Who is at fault for a California rideshare accident?

The rise of the ridesharing industry dramatically changed the individual transportation landscape. Before Uber and Lyft came to be, urban mobility was only a dual choice between hailing a taxi or owning a private vehicle.

The California Public Utilities Commission refers to ridesharing companies as transportation network companies. They connect drivers to passengers in need of pre-arranged transportation services through online applications.

But as with any road tragedy, ridesharing accidents can also injure, or even cause the death of, the Uber or Lyft driver and their passengers, the other vehicle’s driver and passengers, and other pedestrians. With the possible involvement of multiple parties, who is at fault?

Insurance requirements

If the other vehicle’s driver is at fault, the Uber or Lyft driver may collect damages from them. But suppose the Uber or Lyft driver is the liable party. In that case, California law requires them to have insurance coverage worth $15,000 for death and injury per person and $30,000 if more than one person, and $5,000 for property damage.

Also, the state mandates additional insurance provided by companies. But their application depends on the online application’s status when the accident happened. The insurance requirements of Transportation Network Companies are as follows:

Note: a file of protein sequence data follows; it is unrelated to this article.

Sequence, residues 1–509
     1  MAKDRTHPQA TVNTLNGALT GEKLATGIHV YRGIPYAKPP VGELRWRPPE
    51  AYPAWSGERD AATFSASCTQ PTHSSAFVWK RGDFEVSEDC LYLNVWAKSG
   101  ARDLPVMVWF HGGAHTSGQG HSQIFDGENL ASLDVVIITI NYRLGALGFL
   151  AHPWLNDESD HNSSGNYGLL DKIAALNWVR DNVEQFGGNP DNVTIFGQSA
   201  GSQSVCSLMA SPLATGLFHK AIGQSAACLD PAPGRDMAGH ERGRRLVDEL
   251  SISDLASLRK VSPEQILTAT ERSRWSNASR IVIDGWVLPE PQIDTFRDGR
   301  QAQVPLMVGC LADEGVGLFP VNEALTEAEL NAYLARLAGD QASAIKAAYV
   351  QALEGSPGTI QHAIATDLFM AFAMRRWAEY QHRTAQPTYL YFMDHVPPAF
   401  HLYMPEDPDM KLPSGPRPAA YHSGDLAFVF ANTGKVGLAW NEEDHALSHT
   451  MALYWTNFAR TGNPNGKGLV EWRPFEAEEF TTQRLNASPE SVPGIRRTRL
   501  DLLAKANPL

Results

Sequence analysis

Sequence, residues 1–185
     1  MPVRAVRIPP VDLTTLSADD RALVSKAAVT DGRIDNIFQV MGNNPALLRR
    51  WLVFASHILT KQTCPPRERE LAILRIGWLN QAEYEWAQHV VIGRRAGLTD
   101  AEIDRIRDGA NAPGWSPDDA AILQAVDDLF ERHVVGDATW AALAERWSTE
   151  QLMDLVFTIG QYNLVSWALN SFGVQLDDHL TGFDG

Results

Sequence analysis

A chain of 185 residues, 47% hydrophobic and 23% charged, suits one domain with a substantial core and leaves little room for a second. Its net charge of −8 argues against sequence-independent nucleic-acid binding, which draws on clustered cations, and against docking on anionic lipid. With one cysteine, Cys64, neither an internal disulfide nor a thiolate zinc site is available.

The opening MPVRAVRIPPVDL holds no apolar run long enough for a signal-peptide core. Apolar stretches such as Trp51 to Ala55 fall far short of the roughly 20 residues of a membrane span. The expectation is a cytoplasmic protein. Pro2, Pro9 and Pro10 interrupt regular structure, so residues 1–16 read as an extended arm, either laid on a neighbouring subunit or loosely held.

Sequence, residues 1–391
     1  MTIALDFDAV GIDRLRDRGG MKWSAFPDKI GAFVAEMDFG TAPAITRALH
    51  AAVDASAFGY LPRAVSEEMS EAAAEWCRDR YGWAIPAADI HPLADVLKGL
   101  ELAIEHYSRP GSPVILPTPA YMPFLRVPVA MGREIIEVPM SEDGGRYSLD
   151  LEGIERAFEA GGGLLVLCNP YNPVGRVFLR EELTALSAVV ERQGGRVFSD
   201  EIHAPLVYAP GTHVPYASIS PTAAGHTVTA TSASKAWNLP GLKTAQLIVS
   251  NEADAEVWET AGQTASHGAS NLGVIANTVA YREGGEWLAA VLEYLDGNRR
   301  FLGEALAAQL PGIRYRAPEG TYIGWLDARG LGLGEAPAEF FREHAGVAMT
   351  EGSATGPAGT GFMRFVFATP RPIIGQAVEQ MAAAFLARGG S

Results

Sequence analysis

• Period 1: Open application and waiting for a passenger match
    • $50,000 for death and injury per individual
    • $100,000 for death and injury per incident
    • $30,000 for property damage
  • Period 2: Match accepted and on the way to pick up the passenger
    • Primary commercial insurance worth one million dollars for death and injury
  • Period 3: Passenger is already in the vehicle and until their exit
    • Primary commercial insurance worth one million dollars for death and injury
    • Additional one million dollars for death and injury for un- or underinsured motorists

California courts generally consider rideshare drivers as independent contractors, which means Uber and Lyft may not be liable for the accident. But under state law, an Uber or Lyft driver’s company insurance still covers them during work hours despite their independent status.

On the other hand, if the Uber or Lyft driver is an employee, “respondeat superior” applies. This rule means employers are liable for their employee’s negligence while performing work-related tasks.

If you are an Uber or Lyft passenger, you may recover damages from either the at-fault driver of the other vehicle or from your at-fault Uber or Lyft driver, but not necessarily the companies.

Case-to-case basis

With a host of scenarios and insurance companies in the mix, this kind of accident can be a legal mess. You may face daunting paperwork, emotional distress and financial needs. In the end, you may still be at a loss for who to sue for damages. It will help to form a team who can work with you on a legal course of action that aims to protect your rights and future on the road.

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